’47 Meters Down: Uncaged’ Review: A Sequel But Unrelated To Its Predecessor
The Film ’47 Meters Down: Uncaged’ is supposed to be a sequel of the ’47 Meters Down’ released in 2017. But while they may have the same theme, they are unrelated in every other way.
Four teenage girls (Corinne Foxx, Sistine Stallone, Sophie Nélisse, and Brianne Tju) explore a submerged Mayan City. Once inside, their rush of excitement turns into a jolt of terror as they discover the sunken ruins are a hunting ground for deadly Great White Sharks. With their air supply steadily dwindling, the friends must navigate the underwater labyrinth of claustrophobic caves and eerie tunnels in search of a way out of their watery hell.
Rating: PG-13 (for creature related violence and terror, some bloody images and brief rude gestures)
Genre: Mystery & Suspense
Starring: Axel Mansilla, Brec Bassinger, Brianne Tju, Corinne Foxx, Davi Santos, John Corbett, Khylin Rhambo.
Directed By: Johannes Roberts
Written By: Johannes Roberts, Ernest Riera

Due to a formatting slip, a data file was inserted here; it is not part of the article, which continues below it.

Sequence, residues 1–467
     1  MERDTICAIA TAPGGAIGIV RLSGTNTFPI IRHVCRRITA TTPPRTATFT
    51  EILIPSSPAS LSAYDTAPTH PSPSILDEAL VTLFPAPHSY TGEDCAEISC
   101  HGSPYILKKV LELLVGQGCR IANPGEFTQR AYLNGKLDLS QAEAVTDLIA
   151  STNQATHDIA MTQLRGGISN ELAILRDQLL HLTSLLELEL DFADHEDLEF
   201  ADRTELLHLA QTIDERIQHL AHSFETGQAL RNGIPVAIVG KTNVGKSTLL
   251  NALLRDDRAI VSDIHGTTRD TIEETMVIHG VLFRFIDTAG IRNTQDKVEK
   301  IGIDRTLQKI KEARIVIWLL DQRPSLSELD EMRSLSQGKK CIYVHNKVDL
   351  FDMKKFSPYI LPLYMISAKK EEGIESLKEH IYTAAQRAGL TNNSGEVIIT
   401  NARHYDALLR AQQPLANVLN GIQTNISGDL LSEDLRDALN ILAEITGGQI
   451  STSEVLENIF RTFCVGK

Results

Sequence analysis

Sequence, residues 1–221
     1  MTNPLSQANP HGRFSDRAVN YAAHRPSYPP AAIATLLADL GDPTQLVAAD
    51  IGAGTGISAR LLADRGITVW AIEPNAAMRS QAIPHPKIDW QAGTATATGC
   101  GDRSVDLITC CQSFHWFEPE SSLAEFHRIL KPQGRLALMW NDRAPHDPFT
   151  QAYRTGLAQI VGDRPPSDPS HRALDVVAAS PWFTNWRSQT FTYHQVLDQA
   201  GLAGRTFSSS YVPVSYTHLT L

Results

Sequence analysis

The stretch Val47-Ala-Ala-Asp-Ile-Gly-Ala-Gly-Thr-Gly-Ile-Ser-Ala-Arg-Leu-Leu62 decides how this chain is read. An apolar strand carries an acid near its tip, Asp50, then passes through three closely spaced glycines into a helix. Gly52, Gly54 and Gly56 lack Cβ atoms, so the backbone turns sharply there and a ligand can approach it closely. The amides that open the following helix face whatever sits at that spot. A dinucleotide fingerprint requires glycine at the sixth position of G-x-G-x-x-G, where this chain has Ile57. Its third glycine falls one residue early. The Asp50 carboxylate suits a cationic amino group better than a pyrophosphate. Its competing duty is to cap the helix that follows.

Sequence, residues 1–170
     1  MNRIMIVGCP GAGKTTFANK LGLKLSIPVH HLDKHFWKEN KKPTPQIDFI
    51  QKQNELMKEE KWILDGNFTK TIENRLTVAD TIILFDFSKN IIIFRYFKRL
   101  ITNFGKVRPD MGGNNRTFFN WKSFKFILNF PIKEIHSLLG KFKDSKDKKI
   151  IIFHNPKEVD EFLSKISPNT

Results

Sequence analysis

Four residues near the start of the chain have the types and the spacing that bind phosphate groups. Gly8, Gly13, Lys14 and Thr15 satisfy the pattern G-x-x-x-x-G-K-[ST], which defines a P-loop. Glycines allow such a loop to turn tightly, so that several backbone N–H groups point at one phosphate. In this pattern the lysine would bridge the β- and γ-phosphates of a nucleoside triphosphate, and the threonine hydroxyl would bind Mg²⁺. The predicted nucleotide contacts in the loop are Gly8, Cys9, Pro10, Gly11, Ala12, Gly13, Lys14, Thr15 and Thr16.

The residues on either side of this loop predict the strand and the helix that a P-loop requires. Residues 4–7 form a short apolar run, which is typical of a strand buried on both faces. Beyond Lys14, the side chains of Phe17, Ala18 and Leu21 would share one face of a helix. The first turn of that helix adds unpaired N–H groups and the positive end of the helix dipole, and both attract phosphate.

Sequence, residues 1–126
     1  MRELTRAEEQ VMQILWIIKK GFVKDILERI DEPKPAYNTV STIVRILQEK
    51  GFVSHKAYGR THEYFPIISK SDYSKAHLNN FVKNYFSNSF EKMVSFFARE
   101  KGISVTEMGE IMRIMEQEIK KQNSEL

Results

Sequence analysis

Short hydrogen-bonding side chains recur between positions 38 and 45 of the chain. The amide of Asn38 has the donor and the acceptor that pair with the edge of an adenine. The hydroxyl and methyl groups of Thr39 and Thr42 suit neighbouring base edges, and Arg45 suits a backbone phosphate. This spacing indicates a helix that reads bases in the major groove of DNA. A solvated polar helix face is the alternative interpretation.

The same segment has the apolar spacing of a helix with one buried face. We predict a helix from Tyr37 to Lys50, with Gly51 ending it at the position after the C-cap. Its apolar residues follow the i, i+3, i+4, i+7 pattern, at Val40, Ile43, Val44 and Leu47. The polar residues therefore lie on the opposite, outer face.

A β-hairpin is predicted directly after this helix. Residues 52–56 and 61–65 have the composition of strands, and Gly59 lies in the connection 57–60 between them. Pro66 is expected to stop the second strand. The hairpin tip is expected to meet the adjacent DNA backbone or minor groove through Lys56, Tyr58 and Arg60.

In Theaters: Aug 16, 2019 Wide
Runtime: 90 minutes
Studio: Entertainment Studios Motion Pictures
Let take a look at some Critic Reviews for ’47 Meters Down: Uncaged’
Todd Gilchrist (The Wrap)
Roberts populates convincingly elaborate underwater sets with a suitably appealing cast for a claustrophobic adventure that manages to deliver some real terror before it somewhat inevitably levels up into absurdity.
Trace Thurman (consequenceofsound)
47 Meters Down: Uncaged may be a bit slight in the script department and features some cartoonish aquatic beasts, but it delivers non-stop, anxiety-inducing terror once it reaches its halfway point.
Owen Gleiberman (Variety)
It takes a lot of chops to shoot the majority of a movie underwater, and Johannes Roberts is a skillful crafter of images … But he’s a throw-what-he-can-at-the-audience director, and there’s little in 47 Meters Down: Uncaged that really sticks. The shocks, however, are consistently well-timed, and for the audience that seeks out a movie like this one that’s probably enough.
Bilge Ebiri (New York Times)
The action is unclear and the menace unconvincing. The tin-eared dialogue – of which there is a shocking amount, for a movie set largely underwater – doesn’t help either.
Peter Howell (Toronto Star)
This brainless sequel to 47 Meters Down forsakes much of what made that 2017 survival thriller the lean and mean success it was, a credible shark threat being first and foremost.